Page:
On April 21, President Obama signed into law the Edward M. Kennedy Serve America Act. Appropriately, at the signing event at the SEED School in Washington, D.C., the President issued a call to service. "I ask every American to make an enduring commitment to serving your community and your country in whatever way you can. Visit whitehouse.gov to share your stories of service and success. And together, we will measure our progress, not just in the number of hours served or volunteers mobilized, but in the impact our efforts have on the life of this nation." More Information.

Also: In recognition of their work with the community, 25 public school teachers were recently named as 2009 MetLife Foundation Ambassadors in Education by the National Civic League.

Top


Quote to Note

"Yesterday, many Americans paused to remember the senseless death of 32 students at Virginia Tech in 2007. Today, many Americans will honor the Day of Silence called for on behalf of victims of harassment and bullying around issues of sexual orientation, including a recent suicide who would have turned 12 today. On Monday, we will memorialize the Columbine High School victims of a decade ago. Through these painful remembrances, we must all acknowledge our collective role and responsibility in preventing student deaths and ensuring that our schools and universities remain safe havens of learning."

        Secretary of Education Arne Duncan (4/17/09), on the agency's blog

Top


Upcoming Events

Remember: April 27-May 1 is School Building Week 2009, a week-long celebration of school facilities, including a School of the Future Design competition, Healthy Schools Day, a historic look at schools through children's eyes, a focus on excellent schools that serve as centers of community, and a variety of national, state, and local events. (Note: A fact sheet on school modernization under the ARRA is posted online.)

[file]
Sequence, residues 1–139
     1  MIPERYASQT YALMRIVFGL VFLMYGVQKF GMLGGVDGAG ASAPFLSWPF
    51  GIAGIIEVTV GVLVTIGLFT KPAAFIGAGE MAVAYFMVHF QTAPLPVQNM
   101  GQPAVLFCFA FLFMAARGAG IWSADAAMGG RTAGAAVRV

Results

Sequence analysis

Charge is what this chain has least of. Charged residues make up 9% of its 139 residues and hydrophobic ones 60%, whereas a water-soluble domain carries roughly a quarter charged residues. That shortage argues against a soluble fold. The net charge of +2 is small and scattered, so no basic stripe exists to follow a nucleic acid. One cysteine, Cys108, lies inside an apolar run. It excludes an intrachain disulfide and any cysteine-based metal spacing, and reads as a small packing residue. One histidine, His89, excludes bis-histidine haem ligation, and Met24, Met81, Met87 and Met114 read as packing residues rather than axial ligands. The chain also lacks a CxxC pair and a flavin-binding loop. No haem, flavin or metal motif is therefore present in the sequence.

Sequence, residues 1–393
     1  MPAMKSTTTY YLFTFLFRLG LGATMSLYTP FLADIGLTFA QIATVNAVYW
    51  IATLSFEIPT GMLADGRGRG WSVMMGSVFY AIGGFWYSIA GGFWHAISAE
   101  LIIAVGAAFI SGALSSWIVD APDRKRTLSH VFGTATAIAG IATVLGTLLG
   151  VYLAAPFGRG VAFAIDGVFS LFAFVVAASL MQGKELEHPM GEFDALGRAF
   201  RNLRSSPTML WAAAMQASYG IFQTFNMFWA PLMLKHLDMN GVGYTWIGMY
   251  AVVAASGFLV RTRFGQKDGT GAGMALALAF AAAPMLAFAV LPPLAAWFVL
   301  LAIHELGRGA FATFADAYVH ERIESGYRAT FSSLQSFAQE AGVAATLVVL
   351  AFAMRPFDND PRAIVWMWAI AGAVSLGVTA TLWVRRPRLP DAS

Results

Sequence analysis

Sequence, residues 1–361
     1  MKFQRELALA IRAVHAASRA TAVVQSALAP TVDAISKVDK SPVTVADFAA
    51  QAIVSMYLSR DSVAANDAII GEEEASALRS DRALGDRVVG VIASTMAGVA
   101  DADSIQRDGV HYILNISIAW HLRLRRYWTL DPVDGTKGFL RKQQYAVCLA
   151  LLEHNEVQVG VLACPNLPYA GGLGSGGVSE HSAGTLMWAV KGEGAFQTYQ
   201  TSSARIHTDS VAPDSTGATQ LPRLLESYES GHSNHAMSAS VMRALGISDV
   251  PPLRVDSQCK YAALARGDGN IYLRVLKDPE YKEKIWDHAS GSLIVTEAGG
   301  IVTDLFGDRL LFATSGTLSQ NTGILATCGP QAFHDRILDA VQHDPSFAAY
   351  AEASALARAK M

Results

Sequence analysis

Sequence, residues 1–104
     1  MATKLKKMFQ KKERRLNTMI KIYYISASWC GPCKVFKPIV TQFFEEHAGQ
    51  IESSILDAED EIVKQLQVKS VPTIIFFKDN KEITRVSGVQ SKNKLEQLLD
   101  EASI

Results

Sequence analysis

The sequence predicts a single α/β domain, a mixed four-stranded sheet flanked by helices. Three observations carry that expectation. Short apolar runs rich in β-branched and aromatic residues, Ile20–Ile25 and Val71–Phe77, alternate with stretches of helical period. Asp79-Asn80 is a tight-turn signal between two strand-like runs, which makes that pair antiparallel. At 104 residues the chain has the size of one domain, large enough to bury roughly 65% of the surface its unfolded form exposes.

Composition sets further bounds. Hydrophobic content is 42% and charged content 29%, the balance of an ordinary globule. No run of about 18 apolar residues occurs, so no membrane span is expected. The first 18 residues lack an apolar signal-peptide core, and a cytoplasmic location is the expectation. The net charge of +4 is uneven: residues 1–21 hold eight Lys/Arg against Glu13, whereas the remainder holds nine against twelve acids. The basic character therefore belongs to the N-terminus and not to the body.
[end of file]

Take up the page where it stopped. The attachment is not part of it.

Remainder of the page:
Results from the National Assessment of Educational Progress' (NAEP) long-term assessment are scheduled to be released on April 28, at 10:00 a.m. ET.

The Department's Office of Safe and Drug-Free Schools (OSDFS) will be hosting its national conference August 3-5 at the Gaylord National Resort and Conference Center in Prince George's County, Maryland (approximately 10 minutes from downtown Washington, D.C.). The conference will address issues related to crisis planning; health, mental health, and physical education; alcohol, drug, and violence prevention; character and civic education; scientifically-based programs; and more. This event is free, but register early as space is limited.

Over the next two weeks, the Department will exhibit at the National Council on Educating Black Children National Convention in Rockville, MD (April 29-May 2), the Asian American Youth Leadership Conference in Portland, OR (May 1), and Public Service Recognition Week in Washington, D.C. (May 7-10). If you are attending any of these events, please stop by the Department's booth.

Top


Credits, Subscribe & Unsubscribe

Please feel free to contact the Office of Communications and Outreach with any questions:
Program Analyst—Adam Honeysett, (202) 401-3003, Adam.Honeysett@ed.gov
To be added or removed from distribution, or submit comments (we welcome your feedback!), please contact Adam Honeysett. Or, visit http://www.ed.gov/news/newsletters/edreview/index.html.


This newsletter contains hypertext links to information created and maintained by other public and private organizations. These links are provided for the user's convenience. The U.S. Department of Education does not control or guarantee the accuracy, relevance, timeliness, or completeness of this outside information. Furthermore, the inclusion of links is not intended to reflect their importance, nor is it intended to endorse any views expressed, or products or services offered, on these sites, or the organizations sponsoring the sites.

Top



 
Print this page Printable view Bookmark  and Share
Last Modified: 06/14/2012